Sweet • Sour • Savory

Food blog on scandinavian style food done right.


Béarnaise Sauce - Sous Vide

Dinner, Sauce, sous videTove Balle-Pedersen2 Comments
Béarnaise Sauce - Sous Vide

Béarnaise Sauce - Sous Vide

Bearnaise is one of the most famous sauces ever. And basically it is just butter, butter and a little egg yolk and acidity. But it's mostly butter. Normally bearnaise made from scratch is kinda nerve wracking. You want a warm sauce, but you do not want it to separate, which it has a tendency to do. Another thing, you want to be able to serve the sauce along side your perfectly cooked and still hot steak. So it tends to always be a stressful endeavor to get everything ready at once. This recipe, will help you tremendously. By sous vide'ing the sauce components, you can cook up your steak and sides, at the same time. So just before you slice and serve the steak, you quickly blend the sauce and season it, and everything will hit the dinner table at once. 

Disclaimer: This sauce is made with raw eggs. I recommend using pasteurized eggs. This would minimize the risk of getting Salmonella food poisoning. You can find pasteurized eggs in some supermarkets here in California, on safeeggs.com you can see where to find them in your neighborhood.  In Denmark you'll find it right next to regular eggs. For tips and information on how to handle eggs, check out FDA’s website. The Danish version of FDA,  Fødevarestyrelsen also has advisory on eggs. 

Serves 6-8 normal people or 4 Danes 😉.



  • 1 bunch fresh tarragon, save some leaves for finishing the sauce

  • 4 small or 2 medium shallots, minced

  • ½ cup (1 dl) white wine vinegar

  • ½ cup (1 dl) dry white wine

  • 6 whole black peppers (for the reduction)


  • 3 egg yolks

  • 300 g butter

  • 3-4 tablespoons reduction

  • Salt and pepper to taste

  • tarragon leaves, finely chopped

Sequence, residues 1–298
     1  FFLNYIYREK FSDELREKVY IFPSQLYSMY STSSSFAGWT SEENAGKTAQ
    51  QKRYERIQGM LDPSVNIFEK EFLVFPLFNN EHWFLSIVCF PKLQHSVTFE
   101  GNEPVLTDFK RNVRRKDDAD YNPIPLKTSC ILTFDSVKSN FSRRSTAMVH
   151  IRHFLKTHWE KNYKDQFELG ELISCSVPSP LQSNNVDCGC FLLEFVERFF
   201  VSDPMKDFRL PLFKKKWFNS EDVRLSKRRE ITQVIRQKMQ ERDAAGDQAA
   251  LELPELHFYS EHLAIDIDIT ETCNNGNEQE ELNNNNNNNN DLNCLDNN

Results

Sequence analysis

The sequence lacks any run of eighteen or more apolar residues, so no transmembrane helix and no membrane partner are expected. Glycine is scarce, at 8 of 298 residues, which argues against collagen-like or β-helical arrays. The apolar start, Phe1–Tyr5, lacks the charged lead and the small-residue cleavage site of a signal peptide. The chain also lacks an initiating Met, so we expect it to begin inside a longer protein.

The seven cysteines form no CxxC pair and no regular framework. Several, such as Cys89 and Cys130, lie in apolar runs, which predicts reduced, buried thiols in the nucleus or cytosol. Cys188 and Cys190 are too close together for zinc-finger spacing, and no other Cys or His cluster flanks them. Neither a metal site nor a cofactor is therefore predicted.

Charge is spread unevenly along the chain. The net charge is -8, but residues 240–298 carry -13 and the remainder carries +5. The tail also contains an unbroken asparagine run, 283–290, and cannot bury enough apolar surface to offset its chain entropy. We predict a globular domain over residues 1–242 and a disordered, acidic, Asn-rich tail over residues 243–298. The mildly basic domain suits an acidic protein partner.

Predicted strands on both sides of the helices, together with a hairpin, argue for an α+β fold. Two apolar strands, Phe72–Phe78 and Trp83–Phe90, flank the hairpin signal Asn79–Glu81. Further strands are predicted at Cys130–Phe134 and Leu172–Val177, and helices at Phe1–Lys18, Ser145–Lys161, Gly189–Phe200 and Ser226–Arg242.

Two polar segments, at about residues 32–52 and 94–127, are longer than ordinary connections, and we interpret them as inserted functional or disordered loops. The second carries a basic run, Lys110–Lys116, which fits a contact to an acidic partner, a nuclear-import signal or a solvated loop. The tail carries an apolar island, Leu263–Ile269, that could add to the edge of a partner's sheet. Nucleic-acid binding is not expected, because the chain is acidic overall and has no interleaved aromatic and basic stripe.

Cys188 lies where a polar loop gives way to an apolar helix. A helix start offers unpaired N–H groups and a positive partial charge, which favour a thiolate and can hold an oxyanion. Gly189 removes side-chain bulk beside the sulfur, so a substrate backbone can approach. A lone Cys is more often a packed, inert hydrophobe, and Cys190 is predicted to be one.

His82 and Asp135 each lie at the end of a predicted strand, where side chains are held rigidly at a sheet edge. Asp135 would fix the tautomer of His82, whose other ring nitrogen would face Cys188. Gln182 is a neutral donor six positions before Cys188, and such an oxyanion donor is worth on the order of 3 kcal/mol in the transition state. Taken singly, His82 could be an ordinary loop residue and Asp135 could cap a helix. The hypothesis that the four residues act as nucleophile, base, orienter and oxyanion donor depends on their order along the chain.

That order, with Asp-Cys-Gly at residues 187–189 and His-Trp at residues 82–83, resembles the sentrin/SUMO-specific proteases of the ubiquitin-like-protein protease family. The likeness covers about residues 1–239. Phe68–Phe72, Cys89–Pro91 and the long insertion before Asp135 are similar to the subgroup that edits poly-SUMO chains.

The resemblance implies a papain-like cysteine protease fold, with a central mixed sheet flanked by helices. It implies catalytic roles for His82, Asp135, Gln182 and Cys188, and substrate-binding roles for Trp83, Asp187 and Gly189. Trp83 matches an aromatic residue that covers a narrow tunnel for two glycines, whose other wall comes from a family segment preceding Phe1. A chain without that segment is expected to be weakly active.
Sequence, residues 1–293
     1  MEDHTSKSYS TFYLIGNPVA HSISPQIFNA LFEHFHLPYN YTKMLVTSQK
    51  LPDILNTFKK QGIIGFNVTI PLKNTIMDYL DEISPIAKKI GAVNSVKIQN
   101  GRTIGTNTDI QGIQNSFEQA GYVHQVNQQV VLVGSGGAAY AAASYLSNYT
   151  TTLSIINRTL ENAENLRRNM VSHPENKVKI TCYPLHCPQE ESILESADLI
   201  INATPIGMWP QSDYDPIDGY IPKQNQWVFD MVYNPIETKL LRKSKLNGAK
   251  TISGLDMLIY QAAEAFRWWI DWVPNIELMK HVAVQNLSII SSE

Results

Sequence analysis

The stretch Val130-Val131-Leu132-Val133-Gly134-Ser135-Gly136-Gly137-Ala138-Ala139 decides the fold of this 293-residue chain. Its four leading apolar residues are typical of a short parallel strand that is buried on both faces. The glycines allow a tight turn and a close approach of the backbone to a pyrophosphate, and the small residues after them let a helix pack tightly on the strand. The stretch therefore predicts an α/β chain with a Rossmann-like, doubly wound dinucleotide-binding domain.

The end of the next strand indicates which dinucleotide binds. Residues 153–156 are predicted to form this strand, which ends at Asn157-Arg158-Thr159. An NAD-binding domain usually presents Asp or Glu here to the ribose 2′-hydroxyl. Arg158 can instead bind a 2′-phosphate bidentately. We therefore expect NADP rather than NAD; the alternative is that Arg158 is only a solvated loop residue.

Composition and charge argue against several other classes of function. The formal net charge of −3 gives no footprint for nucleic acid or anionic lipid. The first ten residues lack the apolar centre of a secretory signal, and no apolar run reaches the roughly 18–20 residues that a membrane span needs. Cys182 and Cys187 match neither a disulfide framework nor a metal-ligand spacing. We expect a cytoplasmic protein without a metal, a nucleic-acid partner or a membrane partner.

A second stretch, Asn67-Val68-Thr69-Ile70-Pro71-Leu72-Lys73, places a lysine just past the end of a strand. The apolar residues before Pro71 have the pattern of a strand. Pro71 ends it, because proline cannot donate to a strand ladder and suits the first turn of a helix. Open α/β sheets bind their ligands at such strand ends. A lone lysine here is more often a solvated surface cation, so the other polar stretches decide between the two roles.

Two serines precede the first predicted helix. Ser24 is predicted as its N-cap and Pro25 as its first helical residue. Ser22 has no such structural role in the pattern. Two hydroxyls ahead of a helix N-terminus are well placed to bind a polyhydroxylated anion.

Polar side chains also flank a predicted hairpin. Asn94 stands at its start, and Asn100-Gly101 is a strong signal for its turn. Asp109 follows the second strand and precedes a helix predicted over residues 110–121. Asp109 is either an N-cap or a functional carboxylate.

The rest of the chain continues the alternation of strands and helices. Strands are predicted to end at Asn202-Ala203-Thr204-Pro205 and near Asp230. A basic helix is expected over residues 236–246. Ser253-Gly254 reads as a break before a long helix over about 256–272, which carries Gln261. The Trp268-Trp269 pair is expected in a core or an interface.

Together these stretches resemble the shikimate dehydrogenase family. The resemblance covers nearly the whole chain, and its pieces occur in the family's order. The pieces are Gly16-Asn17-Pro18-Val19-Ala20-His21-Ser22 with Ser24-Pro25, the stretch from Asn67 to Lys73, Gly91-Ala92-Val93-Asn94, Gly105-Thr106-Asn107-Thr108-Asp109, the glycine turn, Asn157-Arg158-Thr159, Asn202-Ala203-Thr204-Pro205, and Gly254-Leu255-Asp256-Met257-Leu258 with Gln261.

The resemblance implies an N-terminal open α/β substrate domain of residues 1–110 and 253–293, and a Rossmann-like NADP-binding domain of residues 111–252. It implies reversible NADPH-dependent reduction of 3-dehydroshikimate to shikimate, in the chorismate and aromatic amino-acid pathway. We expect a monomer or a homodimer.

In a small saucepan, combine sprigs of the tarragon, shallots, vinegar pepper and wine over medium-high heat. Bring to a simmer and cook until reduced by half. Remove from heat, strain the liquid and set it aside to cool. You can make larger amounts and freeze it in smaller portions in an ice cube tray.


Preheat water bath for 131℉ (55℃). (You can go as high as 140℉ (60℃) if you want to, keeping in mind not to exceed 149℉ (65℃) where the eggs coagulate.

Place reduction, butter and egg yolks in a heat resistant plastic bag, do not seal.
Place the bag in the water bath for 30 minutes.
Pour the heated mixture into a blender, and blend until you have a thick sauce. I use a immersion blender. Season with salt, pepper and tarragon, and serve immediately.


White Cream Sauce with Tarragon

Fish & seafood, SauceTove Balle-PedersenComment
White Cream Sauce with Tarragon 

White Cream Sauce with Tarragon 

This tarragon sauce is my favorite sauce to serve with baked salmon, often I serve it with rice and fennel salad. It might be a pale plate of food, but it is packed with flavors, and truly a meal worthy of a King or Queen.

Serves 4-6.


  • 1 onion, diced
  • 1 teaspoon olive oil
  • 1 knorr fish stock cube
  • ¼ cup (½ dl) white wine
  • 1 cup (2½ dl) heavy whipping cream
  • 1-2 teaspoons tarragon 
  • salt and white pepper to taste


Heat the oil in a skillet over medium heat, cook the onions in the oil until translucent. Add the wine, cream, tarragon and fish stock, and bring it to a boil. Let the sauce simmer for a few minutes. Season with salt and white pepper.

Serve the sauce with baked salmon or another fish.


Satay Sauce

SauceTove Balle-PedersenComment

Satay sauce is so scrumptious, the peanut buttery sweet slightly curried sauce is perfect with chicken and spring rolls. Because I didn't grow on peanut butter, this sauce is the best thing you can make with peanut butter, for me it's properly the only thing.